Two positive developments pertaining to January 6
More than eleven months have elapsed since the events at the Capitol, January 6, 2021 — and many people arrested in connection with that physical intrusion into the Capitol building are still held in pre-trial confinement. Congresswoman Marjorie Taylor Greene (R-Ga.) has published a report on her visit to the D.C. jail, with Rep. Louis Gohmert (R-Texas) on November 4.
The Greene Report points out that the tour was hastily arranged by the office of the mayor after previous attempts by the representatives to visit the January 6 detainees — held for months without trial — had been denied.
On November 4, Representatives Greene and Gohmert were invited to join the tour of members of the D.C. City Council, a tour scheduled after the U.S. Marshals' Service found that the jail did not meet minimum standards for confinement and had arranged for the transfer of 400 detainees to a prison in Pennsylvania. The finding by the Marshals' Service is appended to the Greene Report. And even on the evening of November 4, after visiting other areas of the facility, it took a threat of seeking a court order before Reps. Gohmert and Greene ware permitted into the area of the jail, where some 40 January 6 detainees were confined, restricted to their cells for 19 hours a day, one detainee held since last February 4.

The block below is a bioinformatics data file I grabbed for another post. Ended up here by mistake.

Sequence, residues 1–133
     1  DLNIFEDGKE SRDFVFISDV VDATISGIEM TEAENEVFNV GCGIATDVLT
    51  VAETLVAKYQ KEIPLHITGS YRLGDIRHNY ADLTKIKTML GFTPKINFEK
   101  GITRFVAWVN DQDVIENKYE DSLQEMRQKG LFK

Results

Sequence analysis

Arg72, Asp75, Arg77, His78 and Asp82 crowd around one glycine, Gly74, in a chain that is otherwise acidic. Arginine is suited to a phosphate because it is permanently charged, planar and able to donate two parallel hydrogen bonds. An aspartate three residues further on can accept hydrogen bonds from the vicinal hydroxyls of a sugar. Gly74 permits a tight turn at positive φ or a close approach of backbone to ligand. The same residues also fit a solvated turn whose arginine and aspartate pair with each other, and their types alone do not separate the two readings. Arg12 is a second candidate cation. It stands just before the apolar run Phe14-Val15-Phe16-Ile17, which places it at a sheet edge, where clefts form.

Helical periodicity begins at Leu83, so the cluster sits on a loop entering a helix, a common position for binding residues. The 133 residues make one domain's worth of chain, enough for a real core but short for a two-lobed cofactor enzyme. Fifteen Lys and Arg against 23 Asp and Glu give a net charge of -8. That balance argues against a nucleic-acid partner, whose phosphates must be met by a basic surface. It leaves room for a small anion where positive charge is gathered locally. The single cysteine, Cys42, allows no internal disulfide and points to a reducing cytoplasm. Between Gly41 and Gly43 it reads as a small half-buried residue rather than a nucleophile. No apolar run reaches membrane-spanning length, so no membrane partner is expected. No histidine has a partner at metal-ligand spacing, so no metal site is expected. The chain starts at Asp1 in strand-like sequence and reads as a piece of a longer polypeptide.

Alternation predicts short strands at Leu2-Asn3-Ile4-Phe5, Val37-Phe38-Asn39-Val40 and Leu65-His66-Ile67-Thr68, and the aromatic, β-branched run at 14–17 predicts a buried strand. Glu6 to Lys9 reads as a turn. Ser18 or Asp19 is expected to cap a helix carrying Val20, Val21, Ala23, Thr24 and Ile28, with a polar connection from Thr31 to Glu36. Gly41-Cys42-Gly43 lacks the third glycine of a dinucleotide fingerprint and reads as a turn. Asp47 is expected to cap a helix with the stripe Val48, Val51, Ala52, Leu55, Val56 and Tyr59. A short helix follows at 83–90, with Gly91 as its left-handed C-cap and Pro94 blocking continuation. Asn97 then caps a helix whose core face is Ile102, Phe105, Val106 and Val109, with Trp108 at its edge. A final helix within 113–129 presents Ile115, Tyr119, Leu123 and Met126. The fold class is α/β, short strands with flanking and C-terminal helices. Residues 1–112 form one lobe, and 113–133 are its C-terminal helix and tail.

The following is taken from the Conclusion to the Greene Report: "pre-trial inmates related to January 6 are treated more harshly than other inmates in the D.C. jail, even though they have yet to be convicted of any crime." The Greene Report suggested that four members, Reps. Gaetz and Gosar, in addition to Ms. Greene and Mr. Gohmert, have expressed interest in the well-being of the January 6 detainees. Where, one wonders, are the other members of the House Republican Conference? And where are the social organizations concerned about the treatment of prison inmates? Ms. Greene noted in her conclusion that there is a "two-track justice system in the United States, but it is based on politics, not race." One cannot help but believe that if the detainees were members of Antifa and BLM, The New York Times would be screaming from the top of its building at 62 Eighth Avenue for the immediate release of leftist radicals held for nearly a year in pre-trial confinement. Although with respect to the January 6 detainees, one cannot dismiss the thought that such indefinite and harsh pre-trial confinement for Trump supporters is what the Times had in mind when it suggested, in an August 2016 editorial, that after Hillary Clinton wins the presidential election, "The toxic effects of Trumpism will have to be addressed."
The New York Times, to no one's surprise, ignored the Greene Report. The paper did print news that Mark Meadows, former chief of staff to President Trump, was suing to quash the subpoena issued to him by the House Select Committee on January 6, 2021. But the Times account, December 9, by Luke Broadwater gave no information whatsoever as to the substance of the complaint.